Fickle fate of Senate appointees

It’s amazing how quickly some analysts jump to conclusions without any facts to break their fall. Discussions of Dean HellerDean Arthur HellerThe siren of Baton Rouge Big Republican missteps needed for Democrats to win in November What to watch for in the Senate immigration votes MORE’s potential appointment to John Ensign’s (R) Senate seat provide the latest example of fact-free commentary.

Talk about the “incumbent advantage” Rep. Heller (R) will gain by virtue of this appointment ignores the historical record, which makes clear that appointed incumbents gain no advantage. Telling titles of two academic treatises summarize the facts: “Treadmill to Oblivion: The Fate of Appointed Senators” and “The Electoral (Mis) Fortunes of Appointed Senators and the Source of Incumbency Advantage.”

Since popular election of senators began in 1913, 118 appointed senators sought election and just 62 — or 52.5 percent — won their seats. Nate Silver of Fivethirtyeight.com confines his analysis to Senate appointments since 1956 and finds that 51 percent won election.

An appointed senator has about the same odds of winning a coin flip as (s)he does of keeping his or her seat: about the same odds as an otherwise evenly matched race for an open seat.

By striking contrast, depending on exactly how one makes the calculation, 84 to 88 percent of Senate incumbents are reelected. 

Scholars offer several explanations for the failure of appointed senators to inherit the advantages of incumbency.

First, they tend to attract higher-quality challengers. About three-quarters of appointed incumbents faced members of Congress or top-of-the ticket statewide elected officials. Only a third of their elected colleagues stood against opponents with that caliber of political experience. Challengers to appointed senators also raise about a third more money than those taking on elected incumbents.

Second, it would appear that part of senators’ incumbency advantage arises from the very process of getting elected. While House members can provide services to, and communicate directly with, a meaningful portion of their constituency over two years, senators directly affect a lesser proportion of their larger constituencies over an equivalent period of time.

However, during the campaigns they wage, victorious senators spend substantial time and energy meeting constituents, and significant dollars defining themselves for voters. Moreover, in the end, voters see the efforts of elected incumbents validated by their friends, neighbors and fellow citizens, most of whom, by definition, support the winner.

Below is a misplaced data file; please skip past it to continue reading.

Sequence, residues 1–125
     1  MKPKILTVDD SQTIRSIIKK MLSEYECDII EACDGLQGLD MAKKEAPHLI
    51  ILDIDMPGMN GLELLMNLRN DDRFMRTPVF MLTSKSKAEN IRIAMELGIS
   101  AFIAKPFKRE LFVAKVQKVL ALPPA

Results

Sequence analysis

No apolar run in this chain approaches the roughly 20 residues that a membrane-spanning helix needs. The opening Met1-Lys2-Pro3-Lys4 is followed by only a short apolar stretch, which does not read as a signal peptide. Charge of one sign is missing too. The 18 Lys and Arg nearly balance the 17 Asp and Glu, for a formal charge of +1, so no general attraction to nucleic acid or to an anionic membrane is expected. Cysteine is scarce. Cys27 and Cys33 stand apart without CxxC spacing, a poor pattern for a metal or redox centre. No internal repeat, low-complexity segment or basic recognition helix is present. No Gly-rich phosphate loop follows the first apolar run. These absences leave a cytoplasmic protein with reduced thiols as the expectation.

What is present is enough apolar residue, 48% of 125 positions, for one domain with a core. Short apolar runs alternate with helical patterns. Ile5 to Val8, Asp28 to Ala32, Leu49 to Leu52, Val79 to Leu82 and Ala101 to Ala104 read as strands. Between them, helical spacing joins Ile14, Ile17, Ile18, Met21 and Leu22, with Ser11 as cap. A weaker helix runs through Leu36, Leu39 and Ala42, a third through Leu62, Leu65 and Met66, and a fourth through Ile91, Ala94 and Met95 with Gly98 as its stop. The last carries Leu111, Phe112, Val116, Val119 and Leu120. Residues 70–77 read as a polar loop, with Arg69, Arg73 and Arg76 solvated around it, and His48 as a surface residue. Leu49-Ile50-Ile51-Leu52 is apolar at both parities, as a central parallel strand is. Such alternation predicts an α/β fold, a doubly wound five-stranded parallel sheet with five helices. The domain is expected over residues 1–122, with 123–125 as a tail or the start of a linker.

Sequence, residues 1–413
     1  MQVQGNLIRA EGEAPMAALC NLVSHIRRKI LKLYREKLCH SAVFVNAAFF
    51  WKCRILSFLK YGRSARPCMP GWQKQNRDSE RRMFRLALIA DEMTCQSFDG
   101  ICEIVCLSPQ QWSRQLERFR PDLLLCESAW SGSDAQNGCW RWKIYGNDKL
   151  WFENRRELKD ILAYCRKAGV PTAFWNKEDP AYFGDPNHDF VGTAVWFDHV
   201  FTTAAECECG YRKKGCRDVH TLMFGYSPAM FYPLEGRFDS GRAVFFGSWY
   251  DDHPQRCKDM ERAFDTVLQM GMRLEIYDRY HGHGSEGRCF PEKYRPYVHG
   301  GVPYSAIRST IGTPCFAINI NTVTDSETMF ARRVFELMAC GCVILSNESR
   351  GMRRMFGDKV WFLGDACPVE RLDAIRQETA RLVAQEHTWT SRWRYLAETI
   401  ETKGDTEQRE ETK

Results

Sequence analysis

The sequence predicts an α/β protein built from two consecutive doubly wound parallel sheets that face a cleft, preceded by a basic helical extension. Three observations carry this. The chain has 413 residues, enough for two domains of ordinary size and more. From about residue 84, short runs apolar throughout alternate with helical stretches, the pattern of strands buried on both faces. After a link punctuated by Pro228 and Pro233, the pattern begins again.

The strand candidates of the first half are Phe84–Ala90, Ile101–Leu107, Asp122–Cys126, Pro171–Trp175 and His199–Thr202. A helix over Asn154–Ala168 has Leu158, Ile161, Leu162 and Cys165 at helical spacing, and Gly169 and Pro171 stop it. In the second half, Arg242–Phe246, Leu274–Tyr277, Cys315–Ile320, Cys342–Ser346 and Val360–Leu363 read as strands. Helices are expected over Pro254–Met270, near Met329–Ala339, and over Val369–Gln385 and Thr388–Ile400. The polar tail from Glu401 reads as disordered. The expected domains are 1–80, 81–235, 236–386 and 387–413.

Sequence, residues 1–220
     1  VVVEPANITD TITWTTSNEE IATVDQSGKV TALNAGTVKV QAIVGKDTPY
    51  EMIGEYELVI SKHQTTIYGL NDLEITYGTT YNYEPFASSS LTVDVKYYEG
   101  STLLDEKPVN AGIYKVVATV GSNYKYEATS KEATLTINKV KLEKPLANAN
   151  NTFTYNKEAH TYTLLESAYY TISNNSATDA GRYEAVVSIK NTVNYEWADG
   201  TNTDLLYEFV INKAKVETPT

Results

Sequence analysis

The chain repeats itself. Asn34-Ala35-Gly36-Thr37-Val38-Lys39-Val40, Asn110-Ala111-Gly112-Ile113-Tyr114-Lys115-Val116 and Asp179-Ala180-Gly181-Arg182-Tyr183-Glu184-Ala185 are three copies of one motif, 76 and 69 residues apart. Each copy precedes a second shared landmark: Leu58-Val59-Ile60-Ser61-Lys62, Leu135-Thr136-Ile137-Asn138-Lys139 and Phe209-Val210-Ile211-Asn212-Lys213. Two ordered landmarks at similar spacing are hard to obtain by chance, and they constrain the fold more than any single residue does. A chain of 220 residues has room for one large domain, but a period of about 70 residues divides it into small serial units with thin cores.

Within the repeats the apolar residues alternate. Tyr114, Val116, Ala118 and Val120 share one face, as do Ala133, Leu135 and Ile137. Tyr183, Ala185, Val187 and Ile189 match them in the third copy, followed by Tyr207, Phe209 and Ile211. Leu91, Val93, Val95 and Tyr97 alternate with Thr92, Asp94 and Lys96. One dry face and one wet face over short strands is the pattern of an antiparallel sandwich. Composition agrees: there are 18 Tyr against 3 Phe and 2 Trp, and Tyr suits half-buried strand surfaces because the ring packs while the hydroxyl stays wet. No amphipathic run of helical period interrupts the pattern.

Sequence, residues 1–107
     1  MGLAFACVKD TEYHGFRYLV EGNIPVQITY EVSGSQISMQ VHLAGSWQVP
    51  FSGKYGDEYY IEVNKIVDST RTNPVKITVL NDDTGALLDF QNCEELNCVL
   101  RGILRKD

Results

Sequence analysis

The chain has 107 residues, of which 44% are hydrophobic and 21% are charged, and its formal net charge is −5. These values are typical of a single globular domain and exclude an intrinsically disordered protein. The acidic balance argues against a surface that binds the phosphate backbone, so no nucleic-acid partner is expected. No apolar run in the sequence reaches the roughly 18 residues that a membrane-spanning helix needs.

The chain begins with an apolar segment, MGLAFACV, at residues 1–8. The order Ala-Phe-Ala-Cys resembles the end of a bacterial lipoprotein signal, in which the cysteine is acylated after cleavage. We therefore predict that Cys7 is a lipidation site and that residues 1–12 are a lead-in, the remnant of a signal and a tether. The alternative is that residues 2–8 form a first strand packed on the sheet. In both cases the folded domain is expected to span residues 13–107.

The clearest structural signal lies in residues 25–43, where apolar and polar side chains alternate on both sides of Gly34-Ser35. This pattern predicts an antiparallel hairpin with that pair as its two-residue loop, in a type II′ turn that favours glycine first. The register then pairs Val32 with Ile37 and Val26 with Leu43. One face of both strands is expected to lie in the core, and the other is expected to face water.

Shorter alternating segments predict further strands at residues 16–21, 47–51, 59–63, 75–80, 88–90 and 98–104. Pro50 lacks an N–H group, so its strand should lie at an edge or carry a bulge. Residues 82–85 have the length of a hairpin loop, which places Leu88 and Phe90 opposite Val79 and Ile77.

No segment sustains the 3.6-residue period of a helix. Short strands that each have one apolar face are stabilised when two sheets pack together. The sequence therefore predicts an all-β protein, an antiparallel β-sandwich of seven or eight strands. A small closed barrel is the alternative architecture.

Appointed incumbents have waged no previous campaign, and their tenure is neither validated nor legitimized by the citizenry.

Legitimacy provides another explanation for the failure of appointed senators: Voters prefer elections to appointments. For many, democracy is defined by elections. That’s why, by 3 to 1, voters prefer to see state Supreme Court justices elected rather than appointed. Voters resent a single individual stuffing a U.S. senator down their throats in a process that appears questionable. After all, how many other vacancies in the ranks of elected officials are filled by appointment? Most prominently, House vacancies require an election. Is the Senate a lesser office? 

Indeed, the 17th Amendment, which provides for popular election of senators, makes clear that elections are the proper way to fill a vacancy: “When vacancies happen … in the Senate, the executive authority of such State shall issue writs of election to fill such vacancies.” A proviso was added to deal with the lag between the creation of the vacancy and the point at which an election was feasible: “the legislature of any State may empower the executive thereof to make temporary appointments until the people fill the vacancies by election.” While some states require speedy specials or appointment of a caretaker, many take advantage of this loophole by waiting up to two years to hold the constitutionally mandated elections, but voters smell the rat and give no advantage to those acceding to office by appointment.

Analysts who thought Dean Heller would gain an advantage from his appointment would do well to consult a few facts in addition to their flawed assumptions. 

Editor's Note: Mellman is a pollster for Rep. Shelley Berkley (D-Nev.), who is running for Ensign's seat in 2012.

Mellman is president of The Mellman Group and has worked for Democratic candidates and causes since 1982. Current clients include the Majority Leader of the Senate and the Democratic Whip in the House.

This column was updated to include Editor's Note on April 27 at 11:48 a.m.